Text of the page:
If your cheese smells like feet, that's because it may be swimming with the same bacteria. And that, says Vassar College Assistant Professor and visiting food scholar Thomas Parker, may not be such a bad thing.
"There's bacteria on that cheese because it may not have been pasteurized, and neither have your feet," Parker says. "But that bacteria's a probiotic. You could be filling your body with bacteria that helps keep you healthy."
Parker, a visiting fellow at Duke University, wants you to think about your food. This month, he's leading a freakish project for Duke undergraduates in the Humanities Writ Large program intended to make students rethink conventional food dogma.
"The idea is to challenge students," he says. "You're grossed out by insects, but other people eat them as a good source of protein. Maybe there are ways to prepare them that would appeal to you."
Parker said he was inspired by the architectural concept of a subnature, or marginalized characteristics of a space that may be reappropriated for other uses. In Durham, Parker pointed out builders rescued abandoned tobacco warehouses to house restaurants and loft apartments. Parker says he wants students to consider a culinary subnature, or any food source typically discarded in popular culture.
Parker said he also wants to teach students the French culinary concept of terroir, meaning that a food should be enjoyed for its ties to a particular region and place as much as its taste. For example, he said, French regions often specialize in distinct meats, cheeses and wines.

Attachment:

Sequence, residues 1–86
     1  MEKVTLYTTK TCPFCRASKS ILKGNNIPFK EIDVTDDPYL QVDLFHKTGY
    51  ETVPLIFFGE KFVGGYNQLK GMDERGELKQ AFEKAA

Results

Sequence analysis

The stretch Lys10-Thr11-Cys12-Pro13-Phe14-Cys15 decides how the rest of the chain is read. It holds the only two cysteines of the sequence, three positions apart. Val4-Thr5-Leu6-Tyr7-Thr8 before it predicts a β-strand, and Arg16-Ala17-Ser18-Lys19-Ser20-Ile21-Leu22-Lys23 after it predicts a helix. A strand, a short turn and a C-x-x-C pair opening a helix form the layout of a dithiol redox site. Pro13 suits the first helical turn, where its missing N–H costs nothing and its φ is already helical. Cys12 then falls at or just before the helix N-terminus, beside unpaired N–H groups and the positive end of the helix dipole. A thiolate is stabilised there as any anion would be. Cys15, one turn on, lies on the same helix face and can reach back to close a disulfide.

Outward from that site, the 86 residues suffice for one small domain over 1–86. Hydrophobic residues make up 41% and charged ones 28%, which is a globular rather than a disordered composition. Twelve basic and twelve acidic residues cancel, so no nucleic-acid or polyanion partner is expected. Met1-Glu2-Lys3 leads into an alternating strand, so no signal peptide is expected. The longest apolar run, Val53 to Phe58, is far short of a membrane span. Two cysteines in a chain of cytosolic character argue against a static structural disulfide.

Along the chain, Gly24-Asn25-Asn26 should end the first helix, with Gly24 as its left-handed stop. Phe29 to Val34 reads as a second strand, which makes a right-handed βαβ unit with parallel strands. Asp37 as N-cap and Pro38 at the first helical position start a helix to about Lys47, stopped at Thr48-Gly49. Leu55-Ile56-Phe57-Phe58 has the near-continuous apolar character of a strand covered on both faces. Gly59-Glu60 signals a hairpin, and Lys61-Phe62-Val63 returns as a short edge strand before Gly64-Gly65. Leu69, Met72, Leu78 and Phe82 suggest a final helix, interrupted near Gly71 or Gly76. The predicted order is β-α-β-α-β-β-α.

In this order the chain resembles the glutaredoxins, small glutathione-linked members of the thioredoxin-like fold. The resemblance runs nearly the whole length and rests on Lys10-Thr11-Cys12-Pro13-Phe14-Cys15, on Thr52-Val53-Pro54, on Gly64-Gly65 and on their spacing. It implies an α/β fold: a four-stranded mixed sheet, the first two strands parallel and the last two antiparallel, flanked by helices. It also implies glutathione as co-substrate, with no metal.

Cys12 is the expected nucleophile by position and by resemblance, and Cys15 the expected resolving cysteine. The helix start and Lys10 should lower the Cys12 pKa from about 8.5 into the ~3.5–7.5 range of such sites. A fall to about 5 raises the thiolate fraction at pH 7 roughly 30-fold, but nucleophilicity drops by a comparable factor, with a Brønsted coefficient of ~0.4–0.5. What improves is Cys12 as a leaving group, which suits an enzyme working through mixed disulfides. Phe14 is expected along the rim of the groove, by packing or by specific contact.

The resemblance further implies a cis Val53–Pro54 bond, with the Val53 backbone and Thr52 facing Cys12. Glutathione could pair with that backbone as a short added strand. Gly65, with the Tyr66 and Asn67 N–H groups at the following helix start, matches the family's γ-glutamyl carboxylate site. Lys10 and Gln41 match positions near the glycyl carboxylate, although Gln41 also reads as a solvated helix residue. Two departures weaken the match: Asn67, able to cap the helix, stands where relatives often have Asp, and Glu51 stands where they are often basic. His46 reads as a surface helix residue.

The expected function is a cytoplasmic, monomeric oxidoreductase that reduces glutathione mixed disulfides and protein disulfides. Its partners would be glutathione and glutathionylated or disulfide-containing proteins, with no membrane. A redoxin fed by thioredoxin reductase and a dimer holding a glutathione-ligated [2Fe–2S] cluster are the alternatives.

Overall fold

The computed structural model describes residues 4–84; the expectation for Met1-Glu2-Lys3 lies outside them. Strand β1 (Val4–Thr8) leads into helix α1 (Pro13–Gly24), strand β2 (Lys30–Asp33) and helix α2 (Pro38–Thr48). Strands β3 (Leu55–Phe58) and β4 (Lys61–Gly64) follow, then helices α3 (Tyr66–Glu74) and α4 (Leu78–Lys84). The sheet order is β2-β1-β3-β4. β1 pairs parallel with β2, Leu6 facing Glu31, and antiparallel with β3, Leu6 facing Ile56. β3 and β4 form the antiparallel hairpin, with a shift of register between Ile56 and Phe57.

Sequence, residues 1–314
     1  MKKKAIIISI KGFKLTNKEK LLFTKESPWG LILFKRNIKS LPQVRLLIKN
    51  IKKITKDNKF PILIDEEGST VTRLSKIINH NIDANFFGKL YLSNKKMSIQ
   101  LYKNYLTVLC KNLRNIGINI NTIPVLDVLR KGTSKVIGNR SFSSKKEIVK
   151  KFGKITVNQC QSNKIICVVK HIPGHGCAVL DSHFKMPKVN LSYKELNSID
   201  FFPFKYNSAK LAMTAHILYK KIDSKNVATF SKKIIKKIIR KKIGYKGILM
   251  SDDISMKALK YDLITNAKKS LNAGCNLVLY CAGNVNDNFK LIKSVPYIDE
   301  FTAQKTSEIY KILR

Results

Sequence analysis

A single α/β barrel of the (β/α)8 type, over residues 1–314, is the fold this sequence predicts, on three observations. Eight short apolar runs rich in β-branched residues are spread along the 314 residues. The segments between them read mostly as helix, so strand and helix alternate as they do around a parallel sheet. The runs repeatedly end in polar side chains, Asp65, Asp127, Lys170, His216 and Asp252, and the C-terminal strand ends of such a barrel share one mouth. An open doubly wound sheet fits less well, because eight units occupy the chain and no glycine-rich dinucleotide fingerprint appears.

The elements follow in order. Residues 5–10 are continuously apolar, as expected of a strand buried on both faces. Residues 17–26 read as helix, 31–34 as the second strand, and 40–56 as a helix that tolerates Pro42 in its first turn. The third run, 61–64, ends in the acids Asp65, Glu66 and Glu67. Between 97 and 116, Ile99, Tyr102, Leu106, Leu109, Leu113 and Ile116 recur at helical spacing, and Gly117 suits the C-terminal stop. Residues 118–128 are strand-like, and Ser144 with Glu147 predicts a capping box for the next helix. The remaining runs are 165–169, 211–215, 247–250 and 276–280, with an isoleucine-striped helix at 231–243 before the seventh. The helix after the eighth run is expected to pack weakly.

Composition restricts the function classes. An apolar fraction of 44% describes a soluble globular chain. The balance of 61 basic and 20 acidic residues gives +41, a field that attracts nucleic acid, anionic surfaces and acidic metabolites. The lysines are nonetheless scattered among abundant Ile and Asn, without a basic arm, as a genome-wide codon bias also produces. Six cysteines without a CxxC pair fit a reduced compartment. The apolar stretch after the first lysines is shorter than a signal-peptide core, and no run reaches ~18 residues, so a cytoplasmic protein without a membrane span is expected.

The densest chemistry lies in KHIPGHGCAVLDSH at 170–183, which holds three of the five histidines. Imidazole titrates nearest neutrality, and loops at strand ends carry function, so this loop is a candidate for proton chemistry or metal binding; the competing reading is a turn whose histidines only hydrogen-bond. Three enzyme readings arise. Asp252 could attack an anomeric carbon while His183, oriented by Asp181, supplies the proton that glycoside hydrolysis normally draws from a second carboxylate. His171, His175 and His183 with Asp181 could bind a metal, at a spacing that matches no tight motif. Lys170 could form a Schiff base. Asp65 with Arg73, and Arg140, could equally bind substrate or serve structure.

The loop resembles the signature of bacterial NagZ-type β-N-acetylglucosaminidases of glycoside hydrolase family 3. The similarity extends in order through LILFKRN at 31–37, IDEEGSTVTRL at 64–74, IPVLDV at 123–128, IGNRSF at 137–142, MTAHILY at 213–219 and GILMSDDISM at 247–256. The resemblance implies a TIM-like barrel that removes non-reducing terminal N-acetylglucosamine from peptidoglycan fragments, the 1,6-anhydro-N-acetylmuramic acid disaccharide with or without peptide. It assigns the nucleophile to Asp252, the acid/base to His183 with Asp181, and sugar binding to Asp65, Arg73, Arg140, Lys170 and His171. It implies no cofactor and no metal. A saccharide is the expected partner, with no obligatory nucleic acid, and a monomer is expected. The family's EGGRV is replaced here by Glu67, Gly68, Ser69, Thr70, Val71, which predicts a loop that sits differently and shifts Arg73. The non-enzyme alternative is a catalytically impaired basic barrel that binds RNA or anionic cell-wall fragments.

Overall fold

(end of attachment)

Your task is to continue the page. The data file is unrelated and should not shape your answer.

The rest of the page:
North Carolina food is often associated with smoked meats. Thus, using a university grant, Parker and students constructed a 25-by-14-foot plywood smokehouse outside the Allen Building on Duke's campus, in which they plan to cure and smoke meat, butter and, yes, insects.
Last weekend, Parker used the temporary structure to prep pecan-smoked pigeons. When finished, the plump bird yielded a flavorful dark meat similar to a cooked duck, he said.
"Pigeons used to be a delicacy for Romans," he said. "Now, because of cities, we think of them as rats with wings. They're a subnature if you want. They have this social, political history that's shaped our perception of them."
Parker plans to challenge those subnatures and intestines over the next few weeks, with plans to serve up smokehouse creations for Duke students, faculty and staff Sept. 18 on the East Campus quad.
Because the smokehouse food may not conform to health code standards, he's not allowed to sell the food. "If you eat it, you're taking on the risk," he jokes.
In October, the public will get the chance to test its chow boundaries. Parker has planned a five-course meal Oct. 2 at the Cotton Room in Durham's Golden Belt, pulling together six Triangle chefs and Denmark's Nordic Food Lab, a group globally known for its innovative cuisine.
Courses include air dried beef heart sausage, sturgeon roe, pickled shiso, coffee-sesame dirt and urban parking lot-cooked fowl, served with, according to the menu, "roadside fragrances" and "industrial edibles."
Chefs include Matt Kelly of Durham's Mateo, Kim Floresca and Daniel Ryan of Chapel Hill's ONE Restaurant, Andrea Reusing of Chapel Hill's Lantern, Steven Greene of Cary's Umstead Hotel and Aaron Vandemark of Panciuto in Hillsborough.
This kind of weirdness doesn't come cheap. Parker said organizers will sell 150 tickets for $185 apiece (including an e-commerce fee of $5.40). Find out more at http://sites.duke.edu/subnatureandculinaryculture/nflandcarolinachefsdinner/.
This article appeared in print with the headline "Smoke it if you've got it"